One Government, Divisible

Over the next two years the United States will have divided government (Democratic House, Republican presidency). What percent of Americans think that President Trump will be successful at getting his programs enacted over the next two years?

  1. How accurate was your prediction?

  2. Why do you think most Americans feel that Trump will NOT be successful at enacting his agenda?

  3. How big a partisan divide is there in this data?

  4. How successful do Americans think the Democrats will be at getting their programs enacted over the next two years?

  5. If most Americans think that neither Trump nor the Democrats will be successful at getting things done, what will they expect the government to do until 2020?

  6. What is one consequence of gridlock and government inaction?

  7. Describe two powers in Article I of the U.S. Constitution that allow Congress to thwart the will of the President?

  8. Describe one power the President is given in Article II of the U.S. Constitution that allows him to check the Congress:

  9. What would James Freaking Madison say about the gridlock we are probably going to have in the next Congress?

  10. How successful do you think President Trump will be at getting his programs enacted over the next two years?

  11. In a parliamentary system, there cannot be divided government (the same party necessarily controls both the executive and legislative branches). Do you think the United States would be better off with a system that did not allow for divided government?

  12. Do you think there is any common ground or any programs that both the Democrats and Trump can agree on over the next two years?

  13. Will the fact that the President’s party is in charge of the Senate help President Trump achieve any part of his agenda?

  14. Do most Americans expect partisan relations to get better or worse between the President and the Democrats in Congress?*

  15. The majority of Americans say they approve of the Democratic leadership’s policies and plans more than they approve of Trump. What specific policies do they approve of?*

  16. Based on the data in the charts, do you think Trump will win reelection in 2020?*

  17. If you were an advisor to the Trump administration, what topic would you tell the Trump White House to focus on?*

Visual Extension*

Learning Extension

Think of this as an early Christmas present and read this Pew Research Report on Americans’ views on gridlock!

Action Extension

Nancy Pelosi is the leader of the Democratic Party in the House of Representatives and is likely (although not certain) to be the next Speaker of the House. Contact Leader Pelosi and tell her what you think the Democrats should do now that they have a majority in the U.S. House of Representatives.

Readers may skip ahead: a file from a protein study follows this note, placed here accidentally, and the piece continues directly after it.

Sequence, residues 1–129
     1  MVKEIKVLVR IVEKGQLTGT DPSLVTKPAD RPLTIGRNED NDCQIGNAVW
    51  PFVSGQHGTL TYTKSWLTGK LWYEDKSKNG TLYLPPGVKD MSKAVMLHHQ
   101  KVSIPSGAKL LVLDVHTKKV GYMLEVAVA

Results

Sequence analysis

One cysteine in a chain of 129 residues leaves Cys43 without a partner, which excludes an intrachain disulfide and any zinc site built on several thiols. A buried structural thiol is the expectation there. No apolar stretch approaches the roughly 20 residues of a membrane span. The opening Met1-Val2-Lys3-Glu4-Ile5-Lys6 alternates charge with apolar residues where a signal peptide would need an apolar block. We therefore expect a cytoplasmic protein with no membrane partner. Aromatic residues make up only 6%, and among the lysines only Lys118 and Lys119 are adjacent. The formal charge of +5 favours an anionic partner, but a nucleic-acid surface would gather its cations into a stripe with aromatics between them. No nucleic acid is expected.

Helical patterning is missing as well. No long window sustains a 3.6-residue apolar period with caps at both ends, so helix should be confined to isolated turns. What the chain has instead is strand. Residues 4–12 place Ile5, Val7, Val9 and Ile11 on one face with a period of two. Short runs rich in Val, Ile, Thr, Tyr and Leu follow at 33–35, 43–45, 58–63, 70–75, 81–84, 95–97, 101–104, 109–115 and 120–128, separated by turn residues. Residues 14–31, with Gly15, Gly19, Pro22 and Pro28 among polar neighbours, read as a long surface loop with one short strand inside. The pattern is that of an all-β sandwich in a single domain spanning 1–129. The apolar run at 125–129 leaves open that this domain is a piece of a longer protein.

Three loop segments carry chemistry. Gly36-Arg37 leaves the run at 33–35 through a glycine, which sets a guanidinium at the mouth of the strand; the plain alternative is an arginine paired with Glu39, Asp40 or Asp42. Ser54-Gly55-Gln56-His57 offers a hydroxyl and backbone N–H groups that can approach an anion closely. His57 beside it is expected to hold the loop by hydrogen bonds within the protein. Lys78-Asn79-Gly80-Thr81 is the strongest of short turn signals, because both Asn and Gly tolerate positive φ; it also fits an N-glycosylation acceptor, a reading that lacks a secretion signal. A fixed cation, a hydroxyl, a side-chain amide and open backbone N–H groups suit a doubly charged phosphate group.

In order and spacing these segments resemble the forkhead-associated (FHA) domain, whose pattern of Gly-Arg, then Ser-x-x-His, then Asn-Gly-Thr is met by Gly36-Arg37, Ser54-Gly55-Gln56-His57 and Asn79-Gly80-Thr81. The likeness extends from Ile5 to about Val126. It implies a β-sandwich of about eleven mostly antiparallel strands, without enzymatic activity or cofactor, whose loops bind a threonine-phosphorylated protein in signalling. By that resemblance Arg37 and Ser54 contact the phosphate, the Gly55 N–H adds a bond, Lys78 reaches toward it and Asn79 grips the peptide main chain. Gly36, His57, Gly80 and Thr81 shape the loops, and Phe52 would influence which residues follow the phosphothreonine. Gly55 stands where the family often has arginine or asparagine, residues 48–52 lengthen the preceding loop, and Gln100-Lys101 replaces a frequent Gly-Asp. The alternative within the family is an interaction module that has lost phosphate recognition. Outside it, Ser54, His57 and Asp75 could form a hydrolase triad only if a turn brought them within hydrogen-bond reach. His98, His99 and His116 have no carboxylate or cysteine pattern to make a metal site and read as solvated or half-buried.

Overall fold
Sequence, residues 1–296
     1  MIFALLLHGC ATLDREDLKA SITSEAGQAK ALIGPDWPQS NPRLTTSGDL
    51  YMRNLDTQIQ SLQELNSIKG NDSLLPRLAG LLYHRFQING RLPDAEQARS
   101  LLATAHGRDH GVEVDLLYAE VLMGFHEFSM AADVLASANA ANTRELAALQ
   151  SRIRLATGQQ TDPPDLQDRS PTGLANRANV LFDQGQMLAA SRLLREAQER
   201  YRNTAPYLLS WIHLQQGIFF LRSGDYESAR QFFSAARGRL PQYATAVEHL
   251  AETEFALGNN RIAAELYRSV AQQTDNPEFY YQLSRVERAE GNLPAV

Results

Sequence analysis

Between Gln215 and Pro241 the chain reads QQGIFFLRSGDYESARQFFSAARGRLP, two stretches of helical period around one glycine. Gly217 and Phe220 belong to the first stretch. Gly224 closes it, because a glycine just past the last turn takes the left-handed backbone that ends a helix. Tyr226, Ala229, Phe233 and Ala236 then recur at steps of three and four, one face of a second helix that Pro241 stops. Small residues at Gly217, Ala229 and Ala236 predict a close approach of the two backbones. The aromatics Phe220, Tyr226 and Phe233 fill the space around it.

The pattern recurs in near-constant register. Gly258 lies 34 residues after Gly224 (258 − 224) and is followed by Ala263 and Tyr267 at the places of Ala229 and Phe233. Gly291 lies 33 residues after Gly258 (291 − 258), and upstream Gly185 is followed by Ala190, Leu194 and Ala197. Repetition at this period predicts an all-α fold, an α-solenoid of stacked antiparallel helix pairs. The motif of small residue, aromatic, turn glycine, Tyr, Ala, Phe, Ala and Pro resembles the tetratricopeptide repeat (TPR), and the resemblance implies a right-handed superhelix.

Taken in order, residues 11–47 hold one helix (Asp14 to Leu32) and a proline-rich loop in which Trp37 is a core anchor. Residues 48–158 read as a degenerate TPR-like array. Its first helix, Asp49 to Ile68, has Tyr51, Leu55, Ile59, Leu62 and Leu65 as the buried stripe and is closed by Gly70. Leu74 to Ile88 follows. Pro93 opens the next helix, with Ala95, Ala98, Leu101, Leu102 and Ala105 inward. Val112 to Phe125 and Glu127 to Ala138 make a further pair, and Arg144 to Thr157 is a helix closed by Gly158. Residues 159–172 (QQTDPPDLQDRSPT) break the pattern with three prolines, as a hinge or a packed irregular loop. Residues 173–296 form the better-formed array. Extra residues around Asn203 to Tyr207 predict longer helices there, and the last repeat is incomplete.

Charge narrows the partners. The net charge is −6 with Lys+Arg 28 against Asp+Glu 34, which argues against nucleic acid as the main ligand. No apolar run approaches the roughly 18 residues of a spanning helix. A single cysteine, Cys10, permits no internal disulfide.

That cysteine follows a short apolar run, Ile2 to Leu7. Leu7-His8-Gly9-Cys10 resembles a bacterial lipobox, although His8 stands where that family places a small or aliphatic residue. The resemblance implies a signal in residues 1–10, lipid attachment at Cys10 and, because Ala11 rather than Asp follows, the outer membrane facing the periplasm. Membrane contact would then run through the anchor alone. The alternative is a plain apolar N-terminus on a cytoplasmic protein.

Gridlock Extension

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Goat Gridlock is real - Extension

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Divided Government We Fall

Since 1973, How often has the United States Had divided government?

Jonathan Milner     GoPo Pro     *as of 11/9/2018

Jonathan Milner

GoPo Pro

*as of 11/9/2018

  1. How accurate was your prediction?

  2. What the heck is divided government, anyway?

  3. Circle all the years on the chart where we have had divided government.

  4. Do we have divided government today?

  5. What is the big story this chart tells?

  6. Why do you think that is?

  7. What is one consequence of our frequently divided government?

  8. Why does the fact that the Democrats had 61 senators in 2009* matter?

  9. Explain whether you think divided government is generally a positive or negative thing.

  10. Do you think the next president, regardless of their party, will likely have a divided government?

  11. In the 19th century we were much less likely to have divided government. Why do you think Americans today are willing to have divided government so often?

  12. What would James Madison think about how often we have had divided government in the past 40 or so years?

  13. Now that Donald J. Trump has to deal with A Democratic House of Representatives, how do you think he will change his approach to governing?

  14. When the new Democratic majority House of Representatives is sworn in next January, what are some powers they could use against President Trump?

  15. What does divided government have to do with Federalist #51?

  16. When we have non-divided government (also called party Government or unity government) government spending increases, year over year, by 3.4%. When we have divided government, year over year government spending increases by 1.5%. Explain the reason for this difference.

Learning Extension

Read this story from Reason, Three Cheers for the return of Divided Government

Action Extension

Contact Nancy Pelosi (likely Speaker of the House) or Donald Trump (likely President) and explain how you would like them to rule during divided government. Share your comments in class or online.

Visual Extension

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